It’s Time for Topping Dahlias!

Hi Lovelies,

If you know me at all, you know that I’m absolutely obsessed with growing dahlias. I honestly, for whatever reason, just cannot help myself. They come in just about every size, shape, and color that you can imagine – did I mention that they’re absolutely gorgeous?

The first few years that I grew dahlias, I was so frustrated. I would see these amazing photos online of these gigantic bushes completely covered in flowers – but mine looked nothing like that. Sure, mine were tall, but they would get one or two blooms before the frost and then be finished. What a waste of space, or so I thought! After figuring out that it wasn’t the amount of sunlight, the soil, or any other factor – the issue became obvious when my neighbor visited one day and showed me the flaw in my ways.

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“I wish my owner would have written down what variety I am!”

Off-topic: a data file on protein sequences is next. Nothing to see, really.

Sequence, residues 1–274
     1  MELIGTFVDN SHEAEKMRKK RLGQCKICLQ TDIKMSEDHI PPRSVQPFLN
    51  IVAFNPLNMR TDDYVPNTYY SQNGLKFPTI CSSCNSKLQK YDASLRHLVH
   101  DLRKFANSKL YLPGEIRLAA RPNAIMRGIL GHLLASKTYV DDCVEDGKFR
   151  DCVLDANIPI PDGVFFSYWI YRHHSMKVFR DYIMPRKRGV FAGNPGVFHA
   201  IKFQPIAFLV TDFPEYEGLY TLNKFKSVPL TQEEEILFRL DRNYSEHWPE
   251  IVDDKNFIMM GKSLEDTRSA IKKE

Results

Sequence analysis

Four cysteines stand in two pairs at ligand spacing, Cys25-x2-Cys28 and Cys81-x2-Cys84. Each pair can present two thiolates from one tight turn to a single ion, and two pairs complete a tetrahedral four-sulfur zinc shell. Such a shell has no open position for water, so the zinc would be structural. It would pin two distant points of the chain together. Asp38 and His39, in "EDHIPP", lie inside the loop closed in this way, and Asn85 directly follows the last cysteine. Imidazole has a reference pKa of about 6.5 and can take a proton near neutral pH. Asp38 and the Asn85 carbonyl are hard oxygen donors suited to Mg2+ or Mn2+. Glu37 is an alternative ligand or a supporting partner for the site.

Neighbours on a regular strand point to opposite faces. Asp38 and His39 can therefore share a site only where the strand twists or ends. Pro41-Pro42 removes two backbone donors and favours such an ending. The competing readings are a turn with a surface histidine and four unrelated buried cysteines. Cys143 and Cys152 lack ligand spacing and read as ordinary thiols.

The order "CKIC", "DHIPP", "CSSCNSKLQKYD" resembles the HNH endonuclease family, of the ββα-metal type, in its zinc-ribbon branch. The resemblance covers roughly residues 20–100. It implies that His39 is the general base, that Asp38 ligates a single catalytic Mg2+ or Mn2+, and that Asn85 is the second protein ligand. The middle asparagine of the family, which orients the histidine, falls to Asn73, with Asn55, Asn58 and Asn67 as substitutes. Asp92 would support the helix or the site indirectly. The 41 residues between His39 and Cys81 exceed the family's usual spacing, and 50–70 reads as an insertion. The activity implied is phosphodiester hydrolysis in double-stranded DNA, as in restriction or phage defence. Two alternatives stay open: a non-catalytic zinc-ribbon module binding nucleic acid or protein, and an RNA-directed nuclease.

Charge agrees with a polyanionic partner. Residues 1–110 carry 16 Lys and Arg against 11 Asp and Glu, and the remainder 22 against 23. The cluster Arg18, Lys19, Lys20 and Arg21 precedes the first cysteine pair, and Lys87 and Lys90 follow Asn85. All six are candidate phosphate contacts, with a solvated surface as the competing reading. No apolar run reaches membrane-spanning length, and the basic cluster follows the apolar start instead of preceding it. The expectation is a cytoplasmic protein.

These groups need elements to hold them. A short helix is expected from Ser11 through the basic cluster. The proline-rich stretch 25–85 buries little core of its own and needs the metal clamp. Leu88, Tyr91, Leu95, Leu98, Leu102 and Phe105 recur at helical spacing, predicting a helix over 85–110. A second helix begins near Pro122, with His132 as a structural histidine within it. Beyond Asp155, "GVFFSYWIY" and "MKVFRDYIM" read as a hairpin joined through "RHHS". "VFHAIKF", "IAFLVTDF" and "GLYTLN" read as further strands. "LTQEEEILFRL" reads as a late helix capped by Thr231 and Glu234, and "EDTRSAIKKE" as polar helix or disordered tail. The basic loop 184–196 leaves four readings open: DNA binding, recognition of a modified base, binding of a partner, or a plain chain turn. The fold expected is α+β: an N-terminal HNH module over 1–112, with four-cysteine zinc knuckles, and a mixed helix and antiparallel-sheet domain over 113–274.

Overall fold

When topping dahlias, I generally wait until the growth has gotten about 18 or so inches tall. As you can see in the photo above, this dahlia basically looks like a “tree trunk” growing straight up. That’s the issue. By topping (or basically cutting off the growth tip) we’ll be encouraging even more growth and potentially more blooms.


Essentially, I’m taking my awesome zebra scissors and snipping above a leaf joint of my choosing. While I have read that some folks choose to top their dahlias twice during the season, I usually only do so once and make sure that it happens before July (depending on where you live). I don’t grow dahlias on a large scale at the moment, so all my cuts are done by hand. However, I imagine that this could easily be done in fields with the correct height mower setting.

Do you have any experience topping dahlias? Please let me know all about it in the comments! Much love!


7 thoughts on “It’s Time for Topping Dahlias!

  1. Do you have any tips for wintering over the tubors? I potted mine up about 3-4 weeks ago. I should have started that sooner. So far I have 4 out of 5 that that have sprouted. I plan to wait until they are leafed out well before putting them in the ground.

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